How to Prevent Your Kids from Making Unauthorized Charges on Apps

Are your children, nieces or nephews more tech-savvy than you? You’re not alone.

Many kids are becoming more tech savvy than their parents – and that means they’re able to use technology to make unauthorized charges.

Look around the next time you sit down at a family restaurant.  Take notice of how many kids are eating with their family while glued to their phone or tablet. Letting your child play a game while at the dinner table is a quick fix for a tired and possibly crabby child, but that also means you don’t see a lot of what they are being exposed to. The children might be using an app that tempts them into spending money – with or without their parent’s consent.

Here’s why it’s important to monitor mobile apps your child is using, in order to save your wallet.

#1: Not all Free Apps are Free

Eighty-four percent of mobile apps for children are free to download. That’s the good news. The bad news, however, is that many of these apps allow users to make purchases within the app. These purchases are not in the form of an advertisement. Instead, they are called an “in-app purchase,” also called “services in-app.” Some games, for example, allow you to upgrade for less than a dollar, or purchase an “item” that will give you an edge over your competitors within the game.

Put an end to this option before it creates a problem by following these steps, which applies to all iOS devices:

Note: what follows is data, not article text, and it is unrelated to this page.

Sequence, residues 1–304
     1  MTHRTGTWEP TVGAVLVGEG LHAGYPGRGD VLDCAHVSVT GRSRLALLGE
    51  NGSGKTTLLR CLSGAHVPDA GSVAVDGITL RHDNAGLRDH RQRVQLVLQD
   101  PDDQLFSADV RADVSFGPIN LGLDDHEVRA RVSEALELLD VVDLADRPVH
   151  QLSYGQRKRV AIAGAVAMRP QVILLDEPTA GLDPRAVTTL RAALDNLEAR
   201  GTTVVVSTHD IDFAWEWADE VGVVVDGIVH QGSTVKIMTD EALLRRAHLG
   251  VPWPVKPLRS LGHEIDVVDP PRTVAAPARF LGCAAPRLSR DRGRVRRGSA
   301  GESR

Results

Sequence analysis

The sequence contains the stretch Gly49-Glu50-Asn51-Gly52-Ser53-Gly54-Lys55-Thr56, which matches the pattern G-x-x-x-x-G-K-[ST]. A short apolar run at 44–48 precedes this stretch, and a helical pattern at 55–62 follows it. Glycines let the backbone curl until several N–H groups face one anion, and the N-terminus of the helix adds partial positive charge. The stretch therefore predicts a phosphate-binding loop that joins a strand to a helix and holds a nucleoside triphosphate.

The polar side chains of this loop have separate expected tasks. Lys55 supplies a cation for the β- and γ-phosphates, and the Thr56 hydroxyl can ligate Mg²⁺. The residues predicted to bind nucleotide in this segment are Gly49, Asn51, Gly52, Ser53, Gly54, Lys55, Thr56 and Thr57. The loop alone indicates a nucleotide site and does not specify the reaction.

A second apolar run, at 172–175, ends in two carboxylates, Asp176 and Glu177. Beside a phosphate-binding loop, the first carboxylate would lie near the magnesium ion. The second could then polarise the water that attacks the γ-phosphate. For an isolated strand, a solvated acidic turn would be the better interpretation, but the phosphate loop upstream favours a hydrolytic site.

• From the home screen, open your “Settings” app
  • Tap “General”
  • Scroll halfway down until you see “Restrictions”
  • At the top, select “Enable Restrictions”-you will then be asked to set a passcode by entering it twice. Do not share this code with your children
    • Some of you may have done this already and will automatically be prompted to enter your passcode
    • Scroll down to “Allowed Content” and slide “In-App Purchases” to “off.” In-app purchases will no longer be an option, unless you swipe it back to “On.”

#2: Ads, Ads & More Ads

Many free apps make their money by advertisements. These interactive, often flashy miniature ads are placed strategically so that you click on it, even by accident. In fact, fifty-eight percent of apps contain advertisements, and only nine percent have an app disclosure stating ads will be present. Also keep in mind that some of these advertisements double their efforts to collect more money from your child by promoting the in-app purchase options.

Minimize ads by limiting your child to only using specific, pre-approved games that you’ve reviewed. The password on your App Store should help with this, so long as your child doesn’t know your password.

#3: Social Media Link Options are Everywhere

Every article and photo has an option to share via social platforms or “Like” to tell all your friends. Twenty-two percent of mobile apps link to social media and only nine percent make you aware of that.

Once your child enters the social platform realm, they’re suddenly exposed to all sorts of add-ons, features, tools, and, perhaps the most concerning, the option to chat with a complete stranger about their new high score, for example. Chat rooms can be filled with thieves looking to get information from your kids in order to steal their identity. Pretty scary stuff!

Review apps for your child before letting them open it up. Check out the reviews in your App Store and online, read about the developer and read the description.  Keep in mind that simply looking at a screen shot of the app that’s displayed prior to its download, will not display that ads are shown. It also wouldn’t hurt to point out what your child should be careful not to click on, by going through the app with them.

Source: FTC

Kari Luckett writes about financial topics for Kari is the content strategist for